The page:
Supervision when additional youth sentence extends the period in custody

45. (1) If a young person has begun to serve a portion of a youth sentence in the community subject to conditions under paragraph 42(2)(n) or under conditional supervision under paragraph 42(2)(o), (q) or (r) at the time an additional youth sentence is imposed under one of those paragraphs, and, as a result of the application of section 44, the custodial portion of the young person’s youth sentence ends on a day that is later than the day on which the young person received the additional youth sentence, the serving of a portion of the youth sentence under supervision in the community subject to conditions or under conditional supervision shall become inoperative and the young person shall be committed to custody under paragraph 102(1)(b) or 106(b) until the end of the extended portion of the youth sentence to be served in custody.

Supervision when additional youth sentence does not extend the period in custody

(2) If a youth sentence has been imposed under paragraph 42(2)(n), (o), (q) or (r) on a young person who is under supervision in the community subject to conditions under paragraph 42(2)(n) or under conditional supervision under paragraph 42(2)(o), (q) or (r), and the additional youth sentence would not modify the expiry date of the youth sentence that the young person was serving at the time the additional youth sentence was imposed, the young person may be remanded to the youth custody facility that the provincial director considers appropriate. The provincial director shall review the case and, no later than forty-eight hours after the remand of the young person, shall either refer the case to the youth justice court for a review under section 103 or 109 or release the young person to continue the supervision in the community or the conditional supervision.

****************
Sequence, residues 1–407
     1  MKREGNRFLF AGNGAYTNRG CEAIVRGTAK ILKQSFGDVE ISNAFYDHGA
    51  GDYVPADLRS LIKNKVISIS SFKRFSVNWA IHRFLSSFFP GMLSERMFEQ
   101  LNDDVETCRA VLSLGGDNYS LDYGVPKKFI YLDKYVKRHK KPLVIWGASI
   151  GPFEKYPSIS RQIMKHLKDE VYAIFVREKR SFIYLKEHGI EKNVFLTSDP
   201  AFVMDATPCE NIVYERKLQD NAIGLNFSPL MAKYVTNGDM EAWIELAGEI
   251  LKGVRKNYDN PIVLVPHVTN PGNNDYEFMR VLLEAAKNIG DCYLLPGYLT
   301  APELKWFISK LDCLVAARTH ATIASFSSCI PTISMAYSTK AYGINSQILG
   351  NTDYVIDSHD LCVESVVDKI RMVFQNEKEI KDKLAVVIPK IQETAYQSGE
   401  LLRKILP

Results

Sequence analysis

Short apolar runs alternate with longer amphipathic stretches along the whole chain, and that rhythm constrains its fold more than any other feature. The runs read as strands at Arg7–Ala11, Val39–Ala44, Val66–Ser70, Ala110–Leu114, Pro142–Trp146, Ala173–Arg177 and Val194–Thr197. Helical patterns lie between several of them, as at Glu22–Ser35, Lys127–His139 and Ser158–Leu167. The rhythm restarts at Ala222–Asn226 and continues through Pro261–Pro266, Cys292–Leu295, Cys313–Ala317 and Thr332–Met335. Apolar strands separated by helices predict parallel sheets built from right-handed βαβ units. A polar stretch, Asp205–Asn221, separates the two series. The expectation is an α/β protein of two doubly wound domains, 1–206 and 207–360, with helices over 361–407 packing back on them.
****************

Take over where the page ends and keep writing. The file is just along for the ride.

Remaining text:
Supervision when youth sentence additional to supervision

(3) If a youth sentence has been imposed under paragraph 42(2)(n), (o), (q) or (r) on a young person who is under conditional supervision under paragraph 94(19)(b) or subsection 96(5), the young person shall be remanded to the youth custody facility that the provincial director considers appropriate. The provincial director shall review the case and, no later than forty-eight hours after the remand of the young person, shall either refer the case to the youth justice court for a review under section 103 or 109 or release the young person to continue the conditional supervision.